So there it is, the Staal boys united at last.
In the same week that Jordan Staal turned down a 10-year, $60 million contract offer from the Pittsburgh Penguins - and got married - he also found a new hockey-playing home in Raleigh, Carolina for next year.
On a Friday night blockbuster that shook the Consol Energy Centre in Pittsburgh, the hometown Penguins sent Staal to the Carolina Hurricanes in a deal that had been anticipated for months, or ever since the Penguins went crashing out of the playoffs in the opening round.
In exchange for Staal, Pittsburgh received centre Brandon Sutter, prospect Brian Dumoulin and the No. 8 selection in the 2012 entry draft, which they immediately used to select Portland Winterhawks defenceman Derrick Pouliot.
It was a deal involving two of the first families of hockey in Canada - the Sutters of Viking, Alta. and the Staals of Thunder Bay, Ont.
In a perfect world, the Penguins wanted to hold on to all three of their high-end centres - Sidney Crosby, Evgeni Malkin and Staal. But the NHL world is wildly imperfect, governed both by a salary cap and by player ambition. At some point, at the intersection of those two factors, Penguins’ general manage Ray Shero knew he had to make a move.
If Staal had agreed to that contract extension, the Penguins were prepared to make the dollars work as best they could, even as Crosby is down to the final year of his contract (worth $8.7 million per year now) and Malkin, the league’s reigning MVP, two years away from unrestricted free agency.
But complicating matters was Staal’s desire to spread his wings, and see where his career could ultimately go.
Whenever Crosby or Malkin (or sometimes both) were out of the Penguins’ line-up, Staal played up the depth chart and showed enough of a scoring touch to suggest that he could do much more, if cast in a top-six roll. However, when they were both healthy, he dutifully played the part of good soldier and played down the depth chart - although to coach Dan Bylsma’s ever-lasting credit, he would roll Staal out 20 minutes per night, and put him in a variety of different roles.
Jordan Staal is a natural centre, as is his brother Eric, although at different times in his career, including his stay with Canada’s 2010 men’s Olympic team, Eric Staal has played the wing and been comfortable over there. Hurricanes coach Kirk Muller could pair them together, or maybe use them together on the power play and run them out as his No. 1 and 2 centres. Either way, it provides the Hurricanes with a strength down the middle that they haven’t had since they won the Stanley Cup in 2006, where they had Staal, Rod Brind’Amour, Matt Culllen and Dough Weight.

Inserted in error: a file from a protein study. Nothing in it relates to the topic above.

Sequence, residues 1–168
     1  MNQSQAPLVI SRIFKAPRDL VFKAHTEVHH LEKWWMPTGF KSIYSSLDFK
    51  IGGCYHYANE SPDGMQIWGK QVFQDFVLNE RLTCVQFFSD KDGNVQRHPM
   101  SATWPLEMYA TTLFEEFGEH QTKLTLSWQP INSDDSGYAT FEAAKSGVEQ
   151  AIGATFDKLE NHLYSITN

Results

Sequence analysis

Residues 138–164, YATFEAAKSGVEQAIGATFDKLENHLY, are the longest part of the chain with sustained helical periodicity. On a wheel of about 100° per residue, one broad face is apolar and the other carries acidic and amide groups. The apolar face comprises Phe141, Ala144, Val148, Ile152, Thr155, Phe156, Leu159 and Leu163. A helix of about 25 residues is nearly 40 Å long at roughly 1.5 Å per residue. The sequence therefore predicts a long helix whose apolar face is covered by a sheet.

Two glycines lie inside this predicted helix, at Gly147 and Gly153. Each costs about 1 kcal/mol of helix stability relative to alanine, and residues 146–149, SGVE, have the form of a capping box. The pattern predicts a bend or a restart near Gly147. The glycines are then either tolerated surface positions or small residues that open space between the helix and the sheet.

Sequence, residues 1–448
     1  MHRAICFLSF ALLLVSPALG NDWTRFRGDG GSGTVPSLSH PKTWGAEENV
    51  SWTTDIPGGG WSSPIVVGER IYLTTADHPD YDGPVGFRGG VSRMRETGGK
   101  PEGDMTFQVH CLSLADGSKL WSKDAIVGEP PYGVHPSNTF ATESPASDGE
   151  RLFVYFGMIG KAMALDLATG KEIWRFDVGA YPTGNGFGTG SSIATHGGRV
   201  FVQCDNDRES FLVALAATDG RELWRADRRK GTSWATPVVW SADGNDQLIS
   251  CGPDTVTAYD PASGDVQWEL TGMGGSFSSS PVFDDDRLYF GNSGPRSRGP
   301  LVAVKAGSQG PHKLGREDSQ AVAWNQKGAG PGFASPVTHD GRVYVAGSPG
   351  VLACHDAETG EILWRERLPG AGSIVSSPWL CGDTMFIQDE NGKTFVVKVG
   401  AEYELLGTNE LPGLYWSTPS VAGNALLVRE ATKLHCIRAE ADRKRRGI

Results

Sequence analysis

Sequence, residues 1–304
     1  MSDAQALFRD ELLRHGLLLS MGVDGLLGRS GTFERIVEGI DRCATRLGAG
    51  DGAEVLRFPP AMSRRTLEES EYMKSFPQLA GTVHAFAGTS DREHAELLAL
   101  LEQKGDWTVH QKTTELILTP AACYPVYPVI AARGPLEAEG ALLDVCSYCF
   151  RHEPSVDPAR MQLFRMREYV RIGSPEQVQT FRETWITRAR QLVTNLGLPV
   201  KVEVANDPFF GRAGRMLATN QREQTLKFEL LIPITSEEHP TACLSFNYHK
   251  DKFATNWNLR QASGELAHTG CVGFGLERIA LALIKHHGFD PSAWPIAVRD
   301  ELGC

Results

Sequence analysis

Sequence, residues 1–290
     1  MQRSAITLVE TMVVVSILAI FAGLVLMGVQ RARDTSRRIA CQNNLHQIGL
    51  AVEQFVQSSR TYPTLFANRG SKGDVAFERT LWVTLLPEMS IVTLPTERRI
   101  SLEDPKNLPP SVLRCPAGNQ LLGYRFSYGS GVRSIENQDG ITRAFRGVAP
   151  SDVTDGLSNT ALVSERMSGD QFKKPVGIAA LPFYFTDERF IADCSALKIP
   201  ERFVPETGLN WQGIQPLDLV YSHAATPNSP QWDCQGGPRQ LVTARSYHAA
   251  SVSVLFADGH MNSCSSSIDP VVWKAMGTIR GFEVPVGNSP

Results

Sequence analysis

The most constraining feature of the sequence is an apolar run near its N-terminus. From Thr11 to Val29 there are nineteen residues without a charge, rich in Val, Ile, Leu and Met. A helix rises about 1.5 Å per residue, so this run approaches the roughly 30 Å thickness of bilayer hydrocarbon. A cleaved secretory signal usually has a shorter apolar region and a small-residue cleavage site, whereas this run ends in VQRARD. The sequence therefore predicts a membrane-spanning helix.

The timing of the deal was interesting. Carolina general manager Jim Rutherford had notified Shero of his interest in acquiring the younger Staal soon after the Penguins season ended, but the conversations didn’t start again in earnest until Friday afternoon, after Staal rejected Pittsburgh’s contract overtures. In Sutter, the Penguins get a player more suited to playing the third-line centre’s role. He is just 23, the son of former Calgary Flames’ coach Brent Sutter, and scored 17 goals for Carolina last season, three of them shorthanded.
If Crosby stays healthy, then Pittsburgh still has nice depth down the middle. If he misses any significant amount of time, however, it is unlikely that Sutter can move up the depth chart the way Staal did and be as effective. But there is risk involved in all sport and Shero made the best possible move that he could have under the circumstances.
There were a couple of other interesting deals - the Anaheim Ducks shipping Lubomir Visnovsky to the New York Islanders, the Dallas Stars unloading Mike Ribiero to the Washington Capitals - but nothing to compare to the Staal deal.
Staal was the first player Shero drafted soon after he took over from Craig Patrick as the team’s rookie general manager. A number of his freshly minted peers wanted to relieve Shero of that pick at the time, but he ultimately resisted - and it is hard to imagine that the Penguins could have won the 2009 Stanley Cup without Staal’s work, especially in the final game, much of which Crosby watched from the bench because of an injury.
"The reality of the salary cap and having three centres this good, at some point, Jordan Staal, he’s 24 years old, he’s ready for a more expanded role," Shero told TSN. "It was time for him to go."